Cars that know who is driving by detecting whose hands are on the wheel sounds like the stuff of the future, but it’s just one of the research and development projects of Huddersfield-based Control F1.

Starting out as a software developer in 2010, the business has become an expert in telematics and Internet of Things, working with the likes of the RAC and the NHS.

One platform it has developed allows young drivers to be tracked using black box technology that monitors their driving behaviour, encouraging safer driving and giving them lower insurance premiums.

Current projects include using finger-printing technology in the area of autonomous vehicles. Chief executive Carl Howarth says it’s an exciting field to operate in.

“It’s massively interesting and that’s why we’ve grown as a company,” he told BusinessCloud. “We’ve picked a growing marketplace and there’s a lot of interest and development of tech around connected vehicles.”

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Control F1

Howarth, a software developer who worked in telematics previously, began the business on the back of a single project, working on it part-time initially before focusing all his efforts on it in 2011.

Early work included building websites for the RAC and others before their work on a basic track and trace system led to other work with telematic service providers.

While the other general software work continues, the business has allocated a team of six to R&D, looking at creating a series of patentable technology to allow Control F1 to establish itself in the world of autonomous vehicles.

This work has been assisted by funding from Innovate UK through its i-Motors scheme, a consortium of commercial and academic organisations working towards smart applications for autonomous vehicles.

One patent application is pending for a technique using fingerprinting to reveal who is driving a vehicle and analyse their driving style. From an insurers’ point of view this could be used to detect fraud by showing who was driving at any given time or, for drivers, to personalise the experience based on how they take corners, for example.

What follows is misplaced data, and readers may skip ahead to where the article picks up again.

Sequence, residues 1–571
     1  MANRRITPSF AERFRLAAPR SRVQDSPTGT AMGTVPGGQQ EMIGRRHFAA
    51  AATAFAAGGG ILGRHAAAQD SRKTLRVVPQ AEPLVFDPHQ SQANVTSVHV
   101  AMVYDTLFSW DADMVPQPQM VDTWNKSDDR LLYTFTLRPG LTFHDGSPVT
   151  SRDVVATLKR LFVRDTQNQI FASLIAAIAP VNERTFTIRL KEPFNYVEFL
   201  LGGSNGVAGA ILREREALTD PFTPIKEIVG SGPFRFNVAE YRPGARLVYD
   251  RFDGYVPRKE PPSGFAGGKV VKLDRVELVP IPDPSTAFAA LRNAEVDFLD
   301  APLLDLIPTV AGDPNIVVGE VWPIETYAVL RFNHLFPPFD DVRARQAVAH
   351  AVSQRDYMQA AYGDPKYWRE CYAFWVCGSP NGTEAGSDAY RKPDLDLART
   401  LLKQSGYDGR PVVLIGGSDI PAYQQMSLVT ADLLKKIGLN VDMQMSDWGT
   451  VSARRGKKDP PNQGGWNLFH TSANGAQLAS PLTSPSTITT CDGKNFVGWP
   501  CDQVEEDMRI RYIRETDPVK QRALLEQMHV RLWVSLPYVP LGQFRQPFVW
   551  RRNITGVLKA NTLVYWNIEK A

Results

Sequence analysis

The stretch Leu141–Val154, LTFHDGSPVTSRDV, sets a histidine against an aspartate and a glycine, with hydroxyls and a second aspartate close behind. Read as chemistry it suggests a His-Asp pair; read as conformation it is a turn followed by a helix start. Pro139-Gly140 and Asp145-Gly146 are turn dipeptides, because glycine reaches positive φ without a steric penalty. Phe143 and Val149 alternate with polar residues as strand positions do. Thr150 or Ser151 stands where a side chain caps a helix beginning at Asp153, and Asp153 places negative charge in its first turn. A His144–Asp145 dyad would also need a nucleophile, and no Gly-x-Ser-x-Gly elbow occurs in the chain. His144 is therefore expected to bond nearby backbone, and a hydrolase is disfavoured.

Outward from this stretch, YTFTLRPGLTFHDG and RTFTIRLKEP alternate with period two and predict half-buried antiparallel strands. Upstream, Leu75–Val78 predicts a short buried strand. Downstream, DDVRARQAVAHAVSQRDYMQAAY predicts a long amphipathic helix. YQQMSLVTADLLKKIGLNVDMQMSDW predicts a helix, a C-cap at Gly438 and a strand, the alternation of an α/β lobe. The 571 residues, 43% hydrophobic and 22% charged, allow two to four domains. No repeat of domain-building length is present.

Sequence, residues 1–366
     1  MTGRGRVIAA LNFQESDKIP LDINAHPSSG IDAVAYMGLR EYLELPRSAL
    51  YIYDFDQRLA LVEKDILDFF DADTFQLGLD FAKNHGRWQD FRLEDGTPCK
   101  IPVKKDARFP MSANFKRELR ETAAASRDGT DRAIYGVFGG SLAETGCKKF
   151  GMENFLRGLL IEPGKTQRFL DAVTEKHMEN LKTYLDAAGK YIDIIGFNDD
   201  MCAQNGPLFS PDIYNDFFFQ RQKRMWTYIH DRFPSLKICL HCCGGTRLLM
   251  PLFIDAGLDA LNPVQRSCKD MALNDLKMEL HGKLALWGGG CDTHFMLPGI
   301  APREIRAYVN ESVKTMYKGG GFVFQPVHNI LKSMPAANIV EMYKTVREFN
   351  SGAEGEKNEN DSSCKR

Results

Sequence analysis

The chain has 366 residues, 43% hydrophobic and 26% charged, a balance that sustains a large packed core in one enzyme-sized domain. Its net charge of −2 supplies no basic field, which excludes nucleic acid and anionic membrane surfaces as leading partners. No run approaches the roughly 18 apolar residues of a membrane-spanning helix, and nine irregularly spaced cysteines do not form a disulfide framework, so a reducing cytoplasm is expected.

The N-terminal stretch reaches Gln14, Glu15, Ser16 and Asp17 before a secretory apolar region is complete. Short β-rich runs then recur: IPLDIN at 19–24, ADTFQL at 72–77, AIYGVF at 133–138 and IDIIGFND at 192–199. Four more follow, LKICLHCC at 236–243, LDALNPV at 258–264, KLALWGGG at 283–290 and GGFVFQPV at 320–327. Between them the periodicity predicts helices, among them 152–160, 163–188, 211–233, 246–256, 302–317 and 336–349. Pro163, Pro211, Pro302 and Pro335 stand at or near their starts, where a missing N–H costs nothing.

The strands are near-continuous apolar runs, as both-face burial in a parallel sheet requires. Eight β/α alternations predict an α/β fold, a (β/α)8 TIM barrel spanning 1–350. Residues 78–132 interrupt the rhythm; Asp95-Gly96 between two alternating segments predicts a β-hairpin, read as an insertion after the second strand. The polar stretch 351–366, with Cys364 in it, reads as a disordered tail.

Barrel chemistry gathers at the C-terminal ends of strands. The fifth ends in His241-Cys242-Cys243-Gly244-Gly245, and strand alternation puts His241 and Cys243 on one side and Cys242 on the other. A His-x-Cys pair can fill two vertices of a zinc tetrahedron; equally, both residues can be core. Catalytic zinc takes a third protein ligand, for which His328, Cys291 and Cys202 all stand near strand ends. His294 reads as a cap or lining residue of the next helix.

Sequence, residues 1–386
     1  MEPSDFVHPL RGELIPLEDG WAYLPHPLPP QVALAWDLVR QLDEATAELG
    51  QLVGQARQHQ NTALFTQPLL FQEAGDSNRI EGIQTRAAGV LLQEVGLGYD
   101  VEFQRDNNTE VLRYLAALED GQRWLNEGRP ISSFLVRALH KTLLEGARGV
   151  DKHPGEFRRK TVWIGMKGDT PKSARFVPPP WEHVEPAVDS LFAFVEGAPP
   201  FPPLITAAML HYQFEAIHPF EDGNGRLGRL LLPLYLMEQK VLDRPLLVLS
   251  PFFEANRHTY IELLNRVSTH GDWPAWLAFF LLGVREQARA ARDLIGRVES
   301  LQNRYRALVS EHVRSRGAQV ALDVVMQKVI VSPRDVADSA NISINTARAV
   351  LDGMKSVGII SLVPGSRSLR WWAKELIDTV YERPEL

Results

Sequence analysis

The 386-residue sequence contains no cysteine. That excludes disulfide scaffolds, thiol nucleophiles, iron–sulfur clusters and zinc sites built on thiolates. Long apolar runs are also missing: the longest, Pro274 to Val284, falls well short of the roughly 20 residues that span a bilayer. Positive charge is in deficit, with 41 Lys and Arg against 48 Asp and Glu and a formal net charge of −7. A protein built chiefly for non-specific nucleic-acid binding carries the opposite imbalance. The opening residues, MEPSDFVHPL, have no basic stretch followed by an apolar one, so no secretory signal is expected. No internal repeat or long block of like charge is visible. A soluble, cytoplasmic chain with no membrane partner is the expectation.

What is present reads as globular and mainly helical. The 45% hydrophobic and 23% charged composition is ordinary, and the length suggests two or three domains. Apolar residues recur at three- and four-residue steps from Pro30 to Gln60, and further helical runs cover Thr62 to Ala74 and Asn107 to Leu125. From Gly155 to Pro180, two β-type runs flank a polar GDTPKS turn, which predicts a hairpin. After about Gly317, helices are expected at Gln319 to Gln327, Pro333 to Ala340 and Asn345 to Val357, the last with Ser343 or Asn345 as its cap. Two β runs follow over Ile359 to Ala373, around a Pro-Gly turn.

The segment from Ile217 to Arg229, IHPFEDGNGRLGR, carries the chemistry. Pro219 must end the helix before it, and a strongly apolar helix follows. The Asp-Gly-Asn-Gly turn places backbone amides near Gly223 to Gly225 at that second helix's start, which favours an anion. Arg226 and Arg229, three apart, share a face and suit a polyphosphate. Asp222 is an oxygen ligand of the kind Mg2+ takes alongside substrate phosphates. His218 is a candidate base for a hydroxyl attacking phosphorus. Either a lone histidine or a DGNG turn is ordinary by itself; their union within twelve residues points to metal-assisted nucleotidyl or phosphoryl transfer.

There are also opportunities for fleet businesses, whose drivers currently tag themselves into a vehicle so their journey can be tracked.

“You could look at replacing that hardware with something that has more accuracy and is less costly,” said Howarth.

“There are huge opportunities and that gives us a competitive advantage and it helps that there’s a lot of support from the Government in this area and a big UK push towards this technology.”

As well as operating in a growing industry, Howarth says Control F1 has benefited hugely from choosing the right investors and working with people who have experience of commercialising within the industry. Twenty employees are part of the team, working with customers including Travis Perkins, Johnson and Johnson and Wickes.

“Companies that are really quite prestigious are choosing to work with a business of this size and that’s down to the expertise we’ve got and our agility in terms of forming teams quite quickly and bringing on some specialist tech in the area.”

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